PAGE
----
1. SicilianDragon
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    SicilianDragon New Member

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    Can you expect to make a profit by self-publishing an ebook?

    Discussion in 'Electronic Publishing' started by SicilianDragon, Sep 2, 2013.

    I'm considering taking a break from my main novel, and self-publishing a middle-grade level book in ebook/kindle format. I know this would be quicker, and if I could pull it off, it would be a good source of side income.

    However, I do not have any "online presence" to speak of--no blogs, Facebook, Twitter, etc. I frequently hear that this is necessary for "promoting" an ebook. My idea is somewhat random, so it would be difficult to find a marketing technique.

    Nevertheless, I have also looked at e-book sites that allow you to self publish, particularly NOOK (the Barnes and Noble affiliate). Marketing is not necessary to publish on them, and they advertise that they put your book "on the market" immediately. Still, there is not much detail given on how your new book is advertised, how likely it will come up under searches, etc.

    So my question is: how realistic do you think this is? Can someone in my situation (no previous publications or networks) expect to succeed at this? Or should I just stick to the conventional way of publishing?
     
  2. Edward M. Grant
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    Edward M. Grant Contributing Member

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    Can you make a profit? Yes.

    I've mostly been self-publishing shorts, and they're all profitable (except the one I just released, which is still free on Amazon at the moment). But they're not very profitable, they were just about bringing in enough money to pay for my coffee bill, before the price of coffee went up in my day-job office.

    Most people I know who've been able to quit their day job had at least three or four novels out there first, and typically six or more.

    Should you? If you only ever plan to release one novel, it's probably a bad idea; odds are, it will sink into obscurity. If you plan on releasing a whole bunch, you may well do better than trying to become a mid-list trade published author.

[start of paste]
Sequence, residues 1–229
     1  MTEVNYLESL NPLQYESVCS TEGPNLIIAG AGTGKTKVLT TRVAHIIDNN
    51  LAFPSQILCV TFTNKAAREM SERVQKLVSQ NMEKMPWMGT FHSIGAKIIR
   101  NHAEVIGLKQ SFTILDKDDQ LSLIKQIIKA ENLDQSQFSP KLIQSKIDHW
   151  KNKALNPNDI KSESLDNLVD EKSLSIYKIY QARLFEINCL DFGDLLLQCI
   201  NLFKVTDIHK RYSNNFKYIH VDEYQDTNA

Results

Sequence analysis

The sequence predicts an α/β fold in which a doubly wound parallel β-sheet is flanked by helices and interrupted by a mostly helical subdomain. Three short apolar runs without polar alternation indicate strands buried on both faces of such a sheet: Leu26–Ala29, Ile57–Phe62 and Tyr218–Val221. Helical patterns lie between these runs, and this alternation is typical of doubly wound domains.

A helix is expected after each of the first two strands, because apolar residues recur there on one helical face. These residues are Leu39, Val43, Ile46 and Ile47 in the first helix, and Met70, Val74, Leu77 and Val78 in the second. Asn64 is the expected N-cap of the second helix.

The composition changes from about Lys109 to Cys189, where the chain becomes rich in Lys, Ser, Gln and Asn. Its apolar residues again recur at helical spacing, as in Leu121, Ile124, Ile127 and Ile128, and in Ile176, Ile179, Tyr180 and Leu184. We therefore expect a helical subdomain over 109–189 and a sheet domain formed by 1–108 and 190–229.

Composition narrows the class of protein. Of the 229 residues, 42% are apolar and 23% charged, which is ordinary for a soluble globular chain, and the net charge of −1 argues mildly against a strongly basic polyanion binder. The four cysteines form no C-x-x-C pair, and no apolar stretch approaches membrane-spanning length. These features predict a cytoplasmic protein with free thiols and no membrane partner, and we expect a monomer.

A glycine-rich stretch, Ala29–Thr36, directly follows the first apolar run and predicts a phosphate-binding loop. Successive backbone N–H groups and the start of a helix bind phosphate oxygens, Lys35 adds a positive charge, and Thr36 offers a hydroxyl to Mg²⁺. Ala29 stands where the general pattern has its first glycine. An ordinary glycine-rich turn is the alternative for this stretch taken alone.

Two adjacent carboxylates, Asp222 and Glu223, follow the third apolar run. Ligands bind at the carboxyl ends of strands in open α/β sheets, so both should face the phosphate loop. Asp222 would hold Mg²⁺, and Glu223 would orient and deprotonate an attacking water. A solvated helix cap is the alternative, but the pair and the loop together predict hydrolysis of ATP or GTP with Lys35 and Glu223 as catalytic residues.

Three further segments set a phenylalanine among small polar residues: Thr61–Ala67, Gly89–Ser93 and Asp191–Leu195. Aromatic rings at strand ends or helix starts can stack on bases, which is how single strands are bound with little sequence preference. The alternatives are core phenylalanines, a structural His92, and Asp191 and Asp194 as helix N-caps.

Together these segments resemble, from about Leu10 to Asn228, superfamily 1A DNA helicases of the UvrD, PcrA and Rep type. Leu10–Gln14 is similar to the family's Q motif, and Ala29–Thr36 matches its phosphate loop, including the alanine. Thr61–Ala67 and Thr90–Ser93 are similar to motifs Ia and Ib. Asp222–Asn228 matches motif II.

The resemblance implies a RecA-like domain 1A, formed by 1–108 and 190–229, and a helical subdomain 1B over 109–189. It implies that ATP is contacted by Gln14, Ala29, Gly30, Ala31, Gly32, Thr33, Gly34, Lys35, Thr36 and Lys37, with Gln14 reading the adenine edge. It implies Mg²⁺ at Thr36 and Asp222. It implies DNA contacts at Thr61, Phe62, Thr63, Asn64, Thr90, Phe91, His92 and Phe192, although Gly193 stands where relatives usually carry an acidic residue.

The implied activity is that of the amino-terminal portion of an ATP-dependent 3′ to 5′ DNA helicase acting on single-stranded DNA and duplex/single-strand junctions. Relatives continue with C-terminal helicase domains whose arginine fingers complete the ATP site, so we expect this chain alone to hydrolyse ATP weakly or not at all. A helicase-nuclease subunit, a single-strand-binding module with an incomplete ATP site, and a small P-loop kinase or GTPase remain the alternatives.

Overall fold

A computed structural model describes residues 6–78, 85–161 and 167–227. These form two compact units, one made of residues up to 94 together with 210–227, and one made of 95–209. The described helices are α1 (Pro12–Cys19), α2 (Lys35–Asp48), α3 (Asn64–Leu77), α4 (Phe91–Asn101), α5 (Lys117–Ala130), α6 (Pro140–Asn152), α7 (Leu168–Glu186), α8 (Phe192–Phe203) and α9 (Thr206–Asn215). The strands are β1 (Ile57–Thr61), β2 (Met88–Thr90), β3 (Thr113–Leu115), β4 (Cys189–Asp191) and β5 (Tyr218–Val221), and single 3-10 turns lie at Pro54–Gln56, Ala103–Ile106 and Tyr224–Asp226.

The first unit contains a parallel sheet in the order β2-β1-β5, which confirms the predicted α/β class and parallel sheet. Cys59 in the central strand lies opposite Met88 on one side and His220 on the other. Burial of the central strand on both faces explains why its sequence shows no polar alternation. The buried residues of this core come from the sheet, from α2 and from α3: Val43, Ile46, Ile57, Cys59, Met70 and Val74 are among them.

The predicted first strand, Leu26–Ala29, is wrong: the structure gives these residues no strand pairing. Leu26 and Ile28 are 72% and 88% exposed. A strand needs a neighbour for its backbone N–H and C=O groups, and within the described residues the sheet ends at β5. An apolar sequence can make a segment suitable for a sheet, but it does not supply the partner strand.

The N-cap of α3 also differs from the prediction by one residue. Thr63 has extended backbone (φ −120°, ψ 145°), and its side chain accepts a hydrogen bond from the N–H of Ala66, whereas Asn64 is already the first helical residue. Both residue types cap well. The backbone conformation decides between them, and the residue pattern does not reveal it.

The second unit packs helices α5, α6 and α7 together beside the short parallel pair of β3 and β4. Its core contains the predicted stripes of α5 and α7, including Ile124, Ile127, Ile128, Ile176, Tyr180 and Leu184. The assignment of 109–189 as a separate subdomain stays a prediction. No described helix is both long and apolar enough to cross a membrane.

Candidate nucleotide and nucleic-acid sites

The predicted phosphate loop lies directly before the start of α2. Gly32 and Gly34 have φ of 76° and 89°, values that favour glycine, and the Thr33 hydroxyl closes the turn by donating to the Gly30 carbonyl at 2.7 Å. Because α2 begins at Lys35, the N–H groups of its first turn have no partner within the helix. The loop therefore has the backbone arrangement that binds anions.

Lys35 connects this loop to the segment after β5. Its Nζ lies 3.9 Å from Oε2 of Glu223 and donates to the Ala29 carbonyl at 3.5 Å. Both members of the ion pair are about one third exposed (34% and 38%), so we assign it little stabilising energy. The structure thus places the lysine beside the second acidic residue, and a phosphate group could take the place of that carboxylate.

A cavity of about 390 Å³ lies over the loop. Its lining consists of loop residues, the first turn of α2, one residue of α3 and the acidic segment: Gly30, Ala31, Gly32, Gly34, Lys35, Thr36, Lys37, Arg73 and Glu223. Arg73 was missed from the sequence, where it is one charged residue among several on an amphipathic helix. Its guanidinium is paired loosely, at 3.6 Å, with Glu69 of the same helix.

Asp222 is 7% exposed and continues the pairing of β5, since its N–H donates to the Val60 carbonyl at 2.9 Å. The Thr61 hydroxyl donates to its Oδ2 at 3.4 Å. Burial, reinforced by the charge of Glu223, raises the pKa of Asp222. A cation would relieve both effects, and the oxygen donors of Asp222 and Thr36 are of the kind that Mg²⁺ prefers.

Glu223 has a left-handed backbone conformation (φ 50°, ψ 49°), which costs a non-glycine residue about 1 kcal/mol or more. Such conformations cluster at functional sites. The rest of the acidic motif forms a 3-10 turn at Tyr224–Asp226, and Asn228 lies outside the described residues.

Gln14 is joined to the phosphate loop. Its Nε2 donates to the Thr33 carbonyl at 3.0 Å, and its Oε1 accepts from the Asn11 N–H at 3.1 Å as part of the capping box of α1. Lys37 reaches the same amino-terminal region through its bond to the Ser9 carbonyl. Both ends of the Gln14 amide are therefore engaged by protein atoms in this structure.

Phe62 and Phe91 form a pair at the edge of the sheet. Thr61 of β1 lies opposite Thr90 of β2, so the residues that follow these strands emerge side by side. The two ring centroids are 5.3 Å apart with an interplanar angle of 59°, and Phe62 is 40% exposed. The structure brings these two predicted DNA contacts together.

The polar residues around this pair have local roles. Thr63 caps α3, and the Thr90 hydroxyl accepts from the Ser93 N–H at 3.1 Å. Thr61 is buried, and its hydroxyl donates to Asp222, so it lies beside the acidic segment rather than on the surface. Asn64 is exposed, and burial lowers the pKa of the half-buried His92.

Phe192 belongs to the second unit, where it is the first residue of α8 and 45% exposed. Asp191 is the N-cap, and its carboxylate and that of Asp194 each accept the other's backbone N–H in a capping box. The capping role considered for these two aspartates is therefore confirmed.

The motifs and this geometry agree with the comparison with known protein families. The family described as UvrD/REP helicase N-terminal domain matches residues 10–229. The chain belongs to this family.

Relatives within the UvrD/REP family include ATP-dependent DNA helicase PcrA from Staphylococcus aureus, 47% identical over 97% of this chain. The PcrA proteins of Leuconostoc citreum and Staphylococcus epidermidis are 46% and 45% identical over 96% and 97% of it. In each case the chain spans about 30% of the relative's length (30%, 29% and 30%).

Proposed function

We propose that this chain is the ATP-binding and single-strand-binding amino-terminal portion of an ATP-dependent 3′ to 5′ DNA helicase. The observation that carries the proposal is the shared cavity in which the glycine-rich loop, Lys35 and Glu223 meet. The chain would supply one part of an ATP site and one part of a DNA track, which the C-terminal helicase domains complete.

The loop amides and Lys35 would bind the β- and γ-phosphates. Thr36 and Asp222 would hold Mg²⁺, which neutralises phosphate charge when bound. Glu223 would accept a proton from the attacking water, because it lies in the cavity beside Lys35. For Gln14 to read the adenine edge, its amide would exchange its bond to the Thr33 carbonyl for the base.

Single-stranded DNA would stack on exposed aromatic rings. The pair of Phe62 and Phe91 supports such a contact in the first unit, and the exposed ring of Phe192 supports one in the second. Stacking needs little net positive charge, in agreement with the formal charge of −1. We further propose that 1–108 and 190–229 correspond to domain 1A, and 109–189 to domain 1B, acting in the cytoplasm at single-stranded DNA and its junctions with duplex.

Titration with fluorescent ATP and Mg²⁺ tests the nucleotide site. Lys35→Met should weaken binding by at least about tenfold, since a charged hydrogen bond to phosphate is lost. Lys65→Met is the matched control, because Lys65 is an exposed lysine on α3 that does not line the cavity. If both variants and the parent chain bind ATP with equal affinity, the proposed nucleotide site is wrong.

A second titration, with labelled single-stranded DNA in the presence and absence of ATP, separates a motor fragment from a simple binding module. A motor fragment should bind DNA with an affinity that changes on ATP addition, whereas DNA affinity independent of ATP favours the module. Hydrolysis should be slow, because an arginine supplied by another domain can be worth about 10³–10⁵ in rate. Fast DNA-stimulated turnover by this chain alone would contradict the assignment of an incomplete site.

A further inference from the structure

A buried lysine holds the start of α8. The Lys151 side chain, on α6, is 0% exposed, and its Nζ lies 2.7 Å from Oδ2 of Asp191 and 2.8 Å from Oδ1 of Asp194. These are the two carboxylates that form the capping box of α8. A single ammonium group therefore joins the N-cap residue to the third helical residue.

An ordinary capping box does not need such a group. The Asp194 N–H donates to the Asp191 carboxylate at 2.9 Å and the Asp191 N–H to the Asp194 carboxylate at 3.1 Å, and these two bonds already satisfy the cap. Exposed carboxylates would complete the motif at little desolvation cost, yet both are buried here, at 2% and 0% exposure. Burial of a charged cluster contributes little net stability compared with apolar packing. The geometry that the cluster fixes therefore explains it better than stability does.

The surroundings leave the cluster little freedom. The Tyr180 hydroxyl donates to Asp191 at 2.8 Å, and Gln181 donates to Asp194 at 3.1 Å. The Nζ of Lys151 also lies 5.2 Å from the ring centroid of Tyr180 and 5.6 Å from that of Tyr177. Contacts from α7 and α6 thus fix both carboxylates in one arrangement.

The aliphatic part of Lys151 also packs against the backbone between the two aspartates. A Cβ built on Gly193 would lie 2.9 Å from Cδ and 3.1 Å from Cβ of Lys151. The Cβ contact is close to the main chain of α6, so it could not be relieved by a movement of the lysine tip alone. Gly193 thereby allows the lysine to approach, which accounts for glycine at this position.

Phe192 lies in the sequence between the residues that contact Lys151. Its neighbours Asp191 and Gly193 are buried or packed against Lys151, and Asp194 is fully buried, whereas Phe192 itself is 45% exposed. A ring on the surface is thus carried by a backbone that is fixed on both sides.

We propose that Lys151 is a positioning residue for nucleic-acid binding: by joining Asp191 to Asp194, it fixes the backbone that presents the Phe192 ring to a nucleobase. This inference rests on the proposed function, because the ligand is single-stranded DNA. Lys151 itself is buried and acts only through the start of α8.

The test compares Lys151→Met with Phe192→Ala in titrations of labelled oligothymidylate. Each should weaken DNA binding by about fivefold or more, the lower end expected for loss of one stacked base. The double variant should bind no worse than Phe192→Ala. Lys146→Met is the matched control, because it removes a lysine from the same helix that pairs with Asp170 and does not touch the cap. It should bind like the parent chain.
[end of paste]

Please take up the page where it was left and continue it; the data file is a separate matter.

3. GingerCoffee
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    GingerCoffee Web Surfer Girl Contributor

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    "Expect" may be the wrong word. Possible, hope to, positively think I will, those all work for me.

    My goal is simply to have people like what I'm writing and recommend someone else read it. I would be ecstatic.
     
  4. NigeTheHat
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    NigeTheHat Contributing Member Contributor

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    Profit will depend entirely on how much you spend on it, and how much you value your time. What you can't expect is very much money, particularly if your plan is just 'put it online and hope people find it'.

    Don't get me wrong, it's possible it'll take off. But the odds are pretty slim you'll even get regular beer money, let alone pay the rent.
     
  5. Mckk
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    Mckk Moderator Staff Supporter Contributor

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    That's not realistic. Don't self-publish unless you're also willing to promote and market your book yourself, and that will involve the internet and social networks. Much of the profit will come from ebooks, and if you're self-pubbing then that's the only low-cost (or free) way of doing it - how do you suppose you'd market your book without the internet? And who would let you advertise on their site, even if you had the money to pay them? So you have to revert to the free options, namely, blogs, Facebook, twitter, etc. You get the picture.

    If you're not ready or willing to break out of your comfort zone of having no blog and FB etc, then self-pubbing sounds like a terrible idea. Even WITH these platforms, self-pub authors make peanuts and still some of their books are never found (no one goes all the way to page 10 of their searches on Google or Amazon - well, very few anyway), so you can imagine how well you're gonna fare without such platforms.

    When someone "puts it on the market" it just means that it's available for purchase. That says nothing about promotion.